Justice for Laquan—and Chicago
Thank you for your editorial regarding Rahm Emanuel’s dishonest and incompetent cover-up of the murder of Laquan McDonald by a Chicago police officer [“Rahm Must Go,” Jan. 4]. I am also glad to see you calling for his resignation. This, along with the fact that a majority of Chicagoans favor his removal, tells me democracy is working. When Rahm goes, I will celebrate. Americans deserve better.
Hugh R. Hays
Honoring the Antiwar Left
Thank you for honoring the documentary We Are Many [“The Progressive Honor Roll 2015,” Jan. 4]. I have asked our local progressive cinema to show it. Here in Rhode Island, East Bay Citizens for Peace still holds monthly antiwar vigils in Bristol. Founding members tell me they were mocked and insulted when they opposed the invasion of Iraq in 2003. Now, vigil participants are welcomed, and passersby accept antiwar handouts and invitations to monthly discussions. Our actions may have had an unseen impact when first performed, but they were appreciated later.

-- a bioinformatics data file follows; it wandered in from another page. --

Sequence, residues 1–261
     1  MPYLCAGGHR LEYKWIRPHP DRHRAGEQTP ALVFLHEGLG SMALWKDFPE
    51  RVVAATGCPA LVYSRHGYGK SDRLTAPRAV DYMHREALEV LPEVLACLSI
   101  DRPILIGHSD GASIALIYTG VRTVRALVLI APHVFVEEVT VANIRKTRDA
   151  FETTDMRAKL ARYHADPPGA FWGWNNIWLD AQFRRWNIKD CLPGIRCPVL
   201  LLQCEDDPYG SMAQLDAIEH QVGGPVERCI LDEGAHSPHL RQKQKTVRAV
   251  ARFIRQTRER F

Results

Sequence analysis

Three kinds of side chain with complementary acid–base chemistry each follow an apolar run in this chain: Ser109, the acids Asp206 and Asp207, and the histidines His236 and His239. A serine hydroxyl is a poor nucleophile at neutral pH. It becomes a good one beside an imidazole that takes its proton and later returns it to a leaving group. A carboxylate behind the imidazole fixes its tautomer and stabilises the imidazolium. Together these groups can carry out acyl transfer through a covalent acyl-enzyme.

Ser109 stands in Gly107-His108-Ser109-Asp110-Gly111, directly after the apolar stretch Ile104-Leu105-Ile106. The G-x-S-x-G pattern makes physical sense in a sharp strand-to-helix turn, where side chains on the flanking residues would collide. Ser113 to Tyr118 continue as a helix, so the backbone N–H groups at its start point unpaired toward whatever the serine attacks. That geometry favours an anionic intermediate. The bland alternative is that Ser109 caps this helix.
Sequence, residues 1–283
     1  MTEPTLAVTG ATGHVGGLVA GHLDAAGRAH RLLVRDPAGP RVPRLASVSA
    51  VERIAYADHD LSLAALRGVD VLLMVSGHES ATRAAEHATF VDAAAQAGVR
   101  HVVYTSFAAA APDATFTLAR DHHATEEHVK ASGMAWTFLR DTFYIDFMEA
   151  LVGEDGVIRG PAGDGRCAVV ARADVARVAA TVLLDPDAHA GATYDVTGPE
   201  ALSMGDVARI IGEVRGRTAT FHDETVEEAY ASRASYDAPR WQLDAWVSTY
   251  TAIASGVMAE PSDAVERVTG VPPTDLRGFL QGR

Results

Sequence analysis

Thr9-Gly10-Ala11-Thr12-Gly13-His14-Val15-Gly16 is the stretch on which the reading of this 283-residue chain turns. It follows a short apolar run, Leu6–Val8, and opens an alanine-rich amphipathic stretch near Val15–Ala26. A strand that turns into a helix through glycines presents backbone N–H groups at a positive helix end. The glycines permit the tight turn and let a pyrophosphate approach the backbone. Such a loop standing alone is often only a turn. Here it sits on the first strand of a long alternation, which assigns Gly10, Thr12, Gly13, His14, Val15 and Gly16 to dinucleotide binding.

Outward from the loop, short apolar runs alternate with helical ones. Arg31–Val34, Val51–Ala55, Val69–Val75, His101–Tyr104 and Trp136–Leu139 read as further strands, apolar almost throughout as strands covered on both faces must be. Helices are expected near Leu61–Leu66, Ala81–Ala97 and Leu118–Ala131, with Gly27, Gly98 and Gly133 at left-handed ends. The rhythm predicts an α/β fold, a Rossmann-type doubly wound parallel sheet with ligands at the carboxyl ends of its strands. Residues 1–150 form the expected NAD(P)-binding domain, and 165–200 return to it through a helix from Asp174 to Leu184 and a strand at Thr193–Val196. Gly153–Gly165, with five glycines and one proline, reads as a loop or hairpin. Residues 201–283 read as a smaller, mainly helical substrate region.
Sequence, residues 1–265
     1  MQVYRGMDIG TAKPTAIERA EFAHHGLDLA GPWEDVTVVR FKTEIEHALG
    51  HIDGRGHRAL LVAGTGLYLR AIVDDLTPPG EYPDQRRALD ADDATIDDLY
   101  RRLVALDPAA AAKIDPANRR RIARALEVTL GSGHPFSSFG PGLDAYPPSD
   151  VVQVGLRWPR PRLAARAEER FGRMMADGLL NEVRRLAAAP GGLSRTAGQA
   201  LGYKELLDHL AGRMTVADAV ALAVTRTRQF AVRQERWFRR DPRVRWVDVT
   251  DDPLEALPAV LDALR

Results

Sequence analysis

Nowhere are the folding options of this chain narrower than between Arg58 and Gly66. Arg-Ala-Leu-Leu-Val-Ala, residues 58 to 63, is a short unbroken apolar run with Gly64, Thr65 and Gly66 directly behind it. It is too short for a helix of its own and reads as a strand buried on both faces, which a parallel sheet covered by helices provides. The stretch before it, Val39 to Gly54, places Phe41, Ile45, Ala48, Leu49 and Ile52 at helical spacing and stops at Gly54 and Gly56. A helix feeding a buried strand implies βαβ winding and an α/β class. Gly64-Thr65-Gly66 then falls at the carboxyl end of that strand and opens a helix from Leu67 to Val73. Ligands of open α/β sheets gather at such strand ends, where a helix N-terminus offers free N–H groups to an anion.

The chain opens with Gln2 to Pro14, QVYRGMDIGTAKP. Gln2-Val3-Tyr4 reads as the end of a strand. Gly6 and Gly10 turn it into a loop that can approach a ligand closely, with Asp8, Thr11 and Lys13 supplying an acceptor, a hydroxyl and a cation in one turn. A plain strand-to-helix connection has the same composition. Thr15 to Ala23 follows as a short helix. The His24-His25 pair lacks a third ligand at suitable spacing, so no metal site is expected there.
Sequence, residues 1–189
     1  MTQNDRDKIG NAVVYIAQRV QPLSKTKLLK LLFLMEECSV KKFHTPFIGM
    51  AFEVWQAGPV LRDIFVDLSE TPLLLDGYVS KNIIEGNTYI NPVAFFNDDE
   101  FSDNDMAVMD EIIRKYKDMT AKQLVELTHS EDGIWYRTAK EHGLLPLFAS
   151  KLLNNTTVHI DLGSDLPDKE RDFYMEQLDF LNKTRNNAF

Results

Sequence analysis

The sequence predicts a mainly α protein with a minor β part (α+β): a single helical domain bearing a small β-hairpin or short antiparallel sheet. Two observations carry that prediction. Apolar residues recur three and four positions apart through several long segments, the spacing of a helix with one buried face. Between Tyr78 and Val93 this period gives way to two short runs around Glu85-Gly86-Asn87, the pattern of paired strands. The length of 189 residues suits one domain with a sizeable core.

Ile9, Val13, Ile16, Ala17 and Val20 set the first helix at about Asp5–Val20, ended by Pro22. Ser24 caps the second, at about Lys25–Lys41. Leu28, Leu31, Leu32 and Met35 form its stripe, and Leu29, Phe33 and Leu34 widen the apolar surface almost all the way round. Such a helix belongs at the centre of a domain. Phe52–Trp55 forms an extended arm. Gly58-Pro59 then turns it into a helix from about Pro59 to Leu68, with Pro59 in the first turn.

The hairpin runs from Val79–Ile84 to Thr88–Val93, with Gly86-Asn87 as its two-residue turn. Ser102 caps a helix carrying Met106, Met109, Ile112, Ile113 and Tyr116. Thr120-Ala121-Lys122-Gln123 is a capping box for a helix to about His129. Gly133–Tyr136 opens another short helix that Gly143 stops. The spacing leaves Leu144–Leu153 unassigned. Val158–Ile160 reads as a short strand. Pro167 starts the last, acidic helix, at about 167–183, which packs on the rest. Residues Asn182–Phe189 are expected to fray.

Oh Me, Oh My, O’Malley
I just read The Nation’s interview with Martin O’Malley [Jan. 4]. Then I read it again. He actually answered the questions with thoughtful, reasoned responses. A 21st-century politician who really does want to solve some of this country’s pressing problems with sensible and fair actions? How refreshing. And, almost as important, nowhere did he refer to the political process as a war, fight, battle, or sporting event to be won or lost at any cost and with complete, unequivocal punishment for the losers (which is to say, almost the other half of the population). Let’s elect O’Malley. Restore capitalist democracy to the people.
port charlotte, fla.
He Who Shall Not Be Named
Joseph J. Dalluge’s letter about the over-publicization of a certain Republican presidential candidate [Jan. 11/18] suggests: “If one were to take a quantum view of this man, it stands to reason that he would not exist if he were not observed (and reported on).” In the 38 pages of this same issue of The Nation, I note that “this man” is referred to 20 times (three times pictorially and twice in Dalluge’s own letter). In the same 38 pages, President Obama gets but three mentions and a drawing.